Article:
Music in the White House
This is National Music Week, and though it wasn’t yet established when Theodore Roosevelt was president, music was prominent during his time in office. Whether in North Dakota or across the nation, he relished leading crowds in singing “Hot Time in the Old Town Tonight” a favorite of the Roughriders. He was also smitten with America’s traditional patriotic melodies.
TR’s White House repertoire, though, was more symphonic, and unparalleled at the dawn of the 20th century with musical events throughout the year.
Regular Friday night performances in the East Room regaled up to 350 invited guests with the talents of renown musicians.
The now celebrated “Gold Steinway” grand piano with its gilded inlayed decorations was a gift to the White House in 1903 on Steinway’s 50th anniversary. Steinway himself is said to have helped book the talent for the Roosevelts. Thirty-five years later, another Steinway was given to the Franklin Roosevelt White House replacing Teddy’s, which was donated to the Smithsonian,
TR’s concerts featured the first clavichord performance, operas, pianists, and symphony orchestras of worldwide stature. Scott Joplin’s “Maple Leaf Rag,” was performed there at Alice Roosevelt’s request, thus introducing jazz. Young cellist Pablo Casals performed in 1904. He returned to the White House in 1960 for the Kennedys!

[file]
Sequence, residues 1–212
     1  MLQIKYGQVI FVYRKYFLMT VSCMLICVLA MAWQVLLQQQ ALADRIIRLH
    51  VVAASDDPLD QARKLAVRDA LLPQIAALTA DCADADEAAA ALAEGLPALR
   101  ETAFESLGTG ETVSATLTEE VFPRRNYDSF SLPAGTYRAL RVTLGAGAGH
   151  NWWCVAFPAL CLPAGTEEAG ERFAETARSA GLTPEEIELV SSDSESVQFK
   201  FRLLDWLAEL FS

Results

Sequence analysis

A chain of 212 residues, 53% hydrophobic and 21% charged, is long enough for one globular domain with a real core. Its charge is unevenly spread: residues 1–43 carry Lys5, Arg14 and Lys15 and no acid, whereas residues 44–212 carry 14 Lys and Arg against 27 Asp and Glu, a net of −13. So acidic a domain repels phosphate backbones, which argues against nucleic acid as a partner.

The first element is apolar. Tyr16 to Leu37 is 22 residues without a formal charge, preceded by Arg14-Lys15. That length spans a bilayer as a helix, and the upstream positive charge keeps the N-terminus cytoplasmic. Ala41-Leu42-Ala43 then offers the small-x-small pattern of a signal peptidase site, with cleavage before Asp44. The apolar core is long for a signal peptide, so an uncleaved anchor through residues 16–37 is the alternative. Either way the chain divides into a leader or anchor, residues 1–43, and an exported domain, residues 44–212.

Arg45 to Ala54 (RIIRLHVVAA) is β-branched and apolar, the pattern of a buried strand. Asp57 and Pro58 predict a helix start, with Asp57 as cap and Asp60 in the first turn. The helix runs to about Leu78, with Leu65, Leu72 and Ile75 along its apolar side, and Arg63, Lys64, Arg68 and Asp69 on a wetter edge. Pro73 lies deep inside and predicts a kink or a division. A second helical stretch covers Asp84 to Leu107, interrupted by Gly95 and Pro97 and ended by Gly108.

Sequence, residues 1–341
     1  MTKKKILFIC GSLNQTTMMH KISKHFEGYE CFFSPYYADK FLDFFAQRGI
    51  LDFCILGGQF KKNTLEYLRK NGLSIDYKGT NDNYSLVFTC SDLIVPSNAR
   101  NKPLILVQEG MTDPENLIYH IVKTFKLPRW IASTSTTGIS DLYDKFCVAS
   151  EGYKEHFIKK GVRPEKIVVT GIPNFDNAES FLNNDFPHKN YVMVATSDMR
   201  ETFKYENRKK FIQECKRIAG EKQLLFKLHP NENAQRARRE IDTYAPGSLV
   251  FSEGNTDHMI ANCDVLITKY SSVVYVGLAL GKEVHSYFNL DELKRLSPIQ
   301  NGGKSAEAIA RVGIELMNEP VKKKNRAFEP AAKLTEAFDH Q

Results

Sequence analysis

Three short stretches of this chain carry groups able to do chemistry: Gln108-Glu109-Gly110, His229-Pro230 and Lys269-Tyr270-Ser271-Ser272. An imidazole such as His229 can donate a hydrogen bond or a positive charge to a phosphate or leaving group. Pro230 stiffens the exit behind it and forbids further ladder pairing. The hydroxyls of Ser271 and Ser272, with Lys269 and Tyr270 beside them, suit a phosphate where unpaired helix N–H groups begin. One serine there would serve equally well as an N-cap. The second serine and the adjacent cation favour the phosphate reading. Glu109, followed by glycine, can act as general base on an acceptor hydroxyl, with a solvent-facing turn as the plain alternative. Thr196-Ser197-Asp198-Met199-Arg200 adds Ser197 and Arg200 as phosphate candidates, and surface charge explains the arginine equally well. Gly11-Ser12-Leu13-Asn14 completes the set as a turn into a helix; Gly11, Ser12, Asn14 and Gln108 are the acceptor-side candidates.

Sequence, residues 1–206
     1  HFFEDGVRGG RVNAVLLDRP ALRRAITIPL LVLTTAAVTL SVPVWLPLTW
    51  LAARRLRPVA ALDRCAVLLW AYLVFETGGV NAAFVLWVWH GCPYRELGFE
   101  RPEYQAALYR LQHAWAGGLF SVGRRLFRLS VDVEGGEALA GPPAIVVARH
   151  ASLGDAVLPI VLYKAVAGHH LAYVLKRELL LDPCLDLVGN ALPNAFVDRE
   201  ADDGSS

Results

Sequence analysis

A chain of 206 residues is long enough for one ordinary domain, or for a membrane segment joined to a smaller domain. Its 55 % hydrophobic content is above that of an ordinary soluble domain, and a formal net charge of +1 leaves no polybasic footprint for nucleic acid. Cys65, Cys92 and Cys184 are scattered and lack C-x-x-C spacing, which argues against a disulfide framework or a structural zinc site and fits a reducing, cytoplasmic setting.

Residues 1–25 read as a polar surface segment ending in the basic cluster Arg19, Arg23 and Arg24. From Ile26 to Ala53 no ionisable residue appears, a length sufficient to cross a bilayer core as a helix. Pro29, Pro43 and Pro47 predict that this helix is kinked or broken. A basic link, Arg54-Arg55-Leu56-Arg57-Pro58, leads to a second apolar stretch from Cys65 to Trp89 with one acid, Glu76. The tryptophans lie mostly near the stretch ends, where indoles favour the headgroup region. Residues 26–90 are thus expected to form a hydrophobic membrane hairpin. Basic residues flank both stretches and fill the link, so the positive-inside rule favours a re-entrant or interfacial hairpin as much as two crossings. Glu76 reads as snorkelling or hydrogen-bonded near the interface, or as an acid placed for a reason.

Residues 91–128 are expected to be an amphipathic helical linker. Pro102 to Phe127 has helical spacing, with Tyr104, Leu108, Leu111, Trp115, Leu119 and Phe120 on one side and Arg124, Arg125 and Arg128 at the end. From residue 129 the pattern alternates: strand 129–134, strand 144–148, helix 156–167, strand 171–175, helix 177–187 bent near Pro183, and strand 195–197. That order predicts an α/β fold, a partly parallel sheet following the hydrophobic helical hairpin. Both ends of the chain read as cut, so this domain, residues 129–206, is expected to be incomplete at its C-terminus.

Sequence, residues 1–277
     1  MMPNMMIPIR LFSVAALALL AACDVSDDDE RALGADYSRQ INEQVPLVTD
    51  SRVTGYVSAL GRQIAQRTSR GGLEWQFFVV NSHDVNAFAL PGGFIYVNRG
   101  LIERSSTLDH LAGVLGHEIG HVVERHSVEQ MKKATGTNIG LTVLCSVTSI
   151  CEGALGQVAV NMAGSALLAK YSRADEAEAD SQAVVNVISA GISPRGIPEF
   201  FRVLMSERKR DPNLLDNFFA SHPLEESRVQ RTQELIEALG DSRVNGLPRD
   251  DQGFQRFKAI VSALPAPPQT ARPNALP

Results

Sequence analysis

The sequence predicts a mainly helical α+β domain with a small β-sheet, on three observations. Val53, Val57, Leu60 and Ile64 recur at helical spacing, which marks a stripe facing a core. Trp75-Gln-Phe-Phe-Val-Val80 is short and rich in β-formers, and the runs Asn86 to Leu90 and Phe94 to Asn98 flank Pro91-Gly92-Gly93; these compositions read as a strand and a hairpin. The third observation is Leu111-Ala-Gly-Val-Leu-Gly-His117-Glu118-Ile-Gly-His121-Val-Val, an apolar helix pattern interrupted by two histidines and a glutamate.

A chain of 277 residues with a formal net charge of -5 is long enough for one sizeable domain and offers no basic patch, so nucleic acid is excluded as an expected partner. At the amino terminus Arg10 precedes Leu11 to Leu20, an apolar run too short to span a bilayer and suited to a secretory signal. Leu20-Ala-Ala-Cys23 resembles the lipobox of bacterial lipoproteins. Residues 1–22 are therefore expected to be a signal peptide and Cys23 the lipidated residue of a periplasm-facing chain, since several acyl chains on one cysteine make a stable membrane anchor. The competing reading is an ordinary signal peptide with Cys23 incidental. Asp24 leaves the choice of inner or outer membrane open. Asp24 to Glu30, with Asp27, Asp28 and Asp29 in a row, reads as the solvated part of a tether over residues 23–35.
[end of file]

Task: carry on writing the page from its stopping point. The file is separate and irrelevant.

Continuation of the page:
TR was also the subject of hundreds of songs written about him during his life and after his death.
“Nothing can add more to our capacity for healthy social enjoyment than to encourage the formation of societies which by their cultivation of music, vocal and instrumental, give great lift to the artistic side, the aesthetic side, of our nature. That is especially true when we remember that no man is going to go very far wrong if he belongs to a society where he can take his wife with him to enjoy it.”
Dakota Datebook: Remembering Theodore Roosevelt is written and performed by Steve Stark. Funding provided by the Theodore Roosevelt Medora Foundation.